FUNDING REQUIRED $25.20B
FUNDING RECEIVED $11.97B
UNMET REQUIREMENTS $13.23B
PEOPLE IN NEED 135.3 M
PEOPLE TO RECEIVE AID 97.9 M
COUNTRIES AFFECTED 41
Global Humanitarian Funding
FUNDING RECEIVED $17.98B
UN-COORDINATED APPEALS $11.97B
OTHER FUNDING $6.01B
Global Appeal Status
L’OIM travaille avec les autorités nationales et locales et des partenaires locaux pour identifier et comprendre les mouvements migratoires en Afrique de l’Ouest et du Centre. Le suivi des flux de population (FMP) est une activité qui permet de quantifier et de qualifier les flux, les profils des migrants, les tendances et les routes migratoires sur un point d’entrée, de transit ou de sortie donné. Depuis février 2016, l'OIM Niger effectue un suivi des flux migratoires sur deux points dans la région d'Agadez au Niger: à Séguédine et à Arlit.
IOM works with national and local authorities and local partners to identify and understand migration movements in West and Central Africa. Flow monitoring is an activity that quantifies and qualifies flows, migrant profiles, trends and migration routes at a given point of entry, transit or exit. Since February 2016, IOM Niger has been monitoring migration flows at two points across Niger: Séguédine and Arlit. The data collected provides an overview of migration in the region. The information is collected from primary sources.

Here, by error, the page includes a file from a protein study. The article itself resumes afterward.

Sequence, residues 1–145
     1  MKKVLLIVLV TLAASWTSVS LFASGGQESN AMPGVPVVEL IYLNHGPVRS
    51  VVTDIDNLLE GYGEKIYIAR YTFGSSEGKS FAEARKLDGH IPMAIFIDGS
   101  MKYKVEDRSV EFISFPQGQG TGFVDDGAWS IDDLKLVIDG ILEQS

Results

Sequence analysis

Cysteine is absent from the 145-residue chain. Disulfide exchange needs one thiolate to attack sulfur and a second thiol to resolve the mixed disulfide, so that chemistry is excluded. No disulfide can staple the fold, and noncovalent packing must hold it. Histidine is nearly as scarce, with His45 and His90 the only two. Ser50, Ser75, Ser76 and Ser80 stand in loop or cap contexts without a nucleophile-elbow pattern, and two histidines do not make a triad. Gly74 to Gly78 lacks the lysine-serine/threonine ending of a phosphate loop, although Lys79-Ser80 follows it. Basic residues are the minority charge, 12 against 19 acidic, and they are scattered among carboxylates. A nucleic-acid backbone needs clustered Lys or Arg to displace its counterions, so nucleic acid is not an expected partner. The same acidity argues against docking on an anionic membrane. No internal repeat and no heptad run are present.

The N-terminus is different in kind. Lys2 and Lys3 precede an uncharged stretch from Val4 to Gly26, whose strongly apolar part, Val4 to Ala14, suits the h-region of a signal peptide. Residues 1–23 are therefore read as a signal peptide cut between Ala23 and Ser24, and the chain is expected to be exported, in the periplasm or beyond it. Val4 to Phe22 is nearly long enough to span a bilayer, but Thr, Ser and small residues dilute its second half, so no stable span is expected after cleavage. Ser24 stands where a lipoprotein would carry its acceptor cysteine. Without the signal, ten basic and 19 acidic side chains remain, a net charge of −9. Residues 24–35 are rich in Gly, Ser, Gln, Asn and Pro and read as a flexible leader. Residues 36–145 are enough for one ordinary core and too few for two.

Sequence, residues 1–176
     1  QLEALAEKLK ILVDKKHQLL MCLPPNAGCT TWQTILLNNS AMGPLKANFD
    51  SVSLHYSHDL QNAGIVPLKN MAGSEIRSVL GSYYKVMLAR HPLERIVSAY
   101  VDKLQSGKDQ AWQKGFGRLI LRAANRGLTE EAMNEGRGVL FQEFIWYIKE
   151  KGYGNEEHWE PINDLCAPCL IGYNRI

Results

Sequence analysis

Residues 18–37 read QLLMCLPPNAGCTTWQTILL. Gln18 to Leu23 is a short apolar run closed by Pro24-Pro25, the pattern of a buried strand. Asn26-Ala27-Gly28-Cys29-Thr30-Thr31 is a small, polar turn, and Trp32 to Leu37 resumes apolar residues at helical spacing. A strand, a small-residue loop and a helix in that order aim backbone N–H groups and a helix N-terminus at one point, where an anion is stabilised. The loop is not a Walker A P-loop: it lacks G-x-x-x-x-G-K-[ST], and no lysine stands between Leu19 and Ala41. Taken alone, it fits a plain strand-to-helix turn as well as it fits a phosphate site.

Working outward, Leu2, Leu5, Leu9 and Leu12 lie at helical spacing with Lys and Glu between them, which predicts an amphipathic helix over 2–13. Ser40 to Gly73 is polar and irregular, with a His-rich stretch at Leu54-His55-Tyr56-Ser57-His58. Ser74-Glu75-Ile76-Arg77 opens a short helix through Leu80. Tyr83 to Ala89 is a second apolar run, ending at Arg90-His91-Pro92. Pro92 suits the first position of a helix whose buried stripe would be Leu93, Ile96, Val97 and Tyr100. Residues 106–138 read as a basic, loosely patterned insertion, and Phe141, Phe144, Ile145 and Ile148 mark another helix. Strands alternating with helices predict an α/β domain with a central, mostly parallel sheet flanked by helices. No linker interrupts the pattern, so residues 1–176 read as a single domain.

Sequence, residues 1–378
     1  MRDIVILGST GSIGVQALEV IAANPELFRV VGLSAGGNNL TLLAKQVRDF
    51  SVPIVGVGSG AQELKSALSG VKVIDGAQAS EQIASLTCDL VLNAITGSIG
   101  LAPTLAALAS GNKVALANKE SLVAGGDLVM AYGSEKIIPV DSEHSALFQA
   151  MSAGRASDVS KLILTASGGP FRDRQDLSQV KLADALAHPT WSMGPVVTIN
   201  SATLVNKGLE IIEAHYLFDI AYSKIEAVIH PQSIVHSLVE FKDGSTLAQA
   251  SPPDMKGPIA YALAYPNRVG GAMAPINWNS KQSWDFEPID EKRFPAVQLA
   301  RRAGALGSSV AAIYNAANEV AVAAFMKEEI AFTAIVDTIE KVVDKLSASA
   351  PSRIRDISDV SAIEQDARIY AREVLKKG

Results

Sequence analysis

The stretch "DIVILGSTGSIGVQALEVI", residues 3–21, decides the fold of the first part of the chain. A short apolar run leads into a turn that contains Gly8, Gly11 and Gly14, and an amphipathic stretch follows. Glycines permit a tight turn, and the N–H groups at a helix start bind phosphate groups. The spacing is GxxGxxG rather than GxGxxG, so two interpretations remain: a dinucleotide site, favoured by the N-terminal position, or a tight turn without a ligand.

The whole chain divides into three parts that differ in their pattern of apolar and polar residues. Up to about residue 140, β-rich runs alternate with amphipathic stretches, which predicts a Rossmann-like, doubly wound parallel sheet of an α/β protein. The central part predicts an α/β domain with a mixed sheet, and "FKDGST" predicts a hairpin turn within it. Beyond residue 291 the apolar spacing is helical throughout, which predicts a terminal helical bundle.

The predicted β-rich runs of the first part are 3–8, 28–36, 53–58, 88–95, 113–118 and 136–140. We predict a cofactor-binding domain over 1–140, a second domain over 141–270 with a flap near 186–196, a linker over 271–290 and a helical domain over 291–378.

Sarah Charles , Cindy Huang , Lauren Post and Kate Gough
This Weekly Bulletin focuses on selected acute public health emergencies occurring in the WHO African Region. The WHO Health Emergencies Programme is currently monitoring 55 events in the region. This week’s edition covers key new and ongoing events, including:
Context: The crisis currently affecting the Lake Chad Basin countries is a result of conflict with Non-State Armed Groups and has triggered significant displacement of populations. As of 20 October 2018, Cameroon, Chad, Niger and Nigeria are hosting an estimated 4,512,763 affected individuals made up of internally displaced persons (IDPs), refugees (both in- and out-of-camp), returnees (former IDPs and returnees from abroad) and third country nationals (TCNs).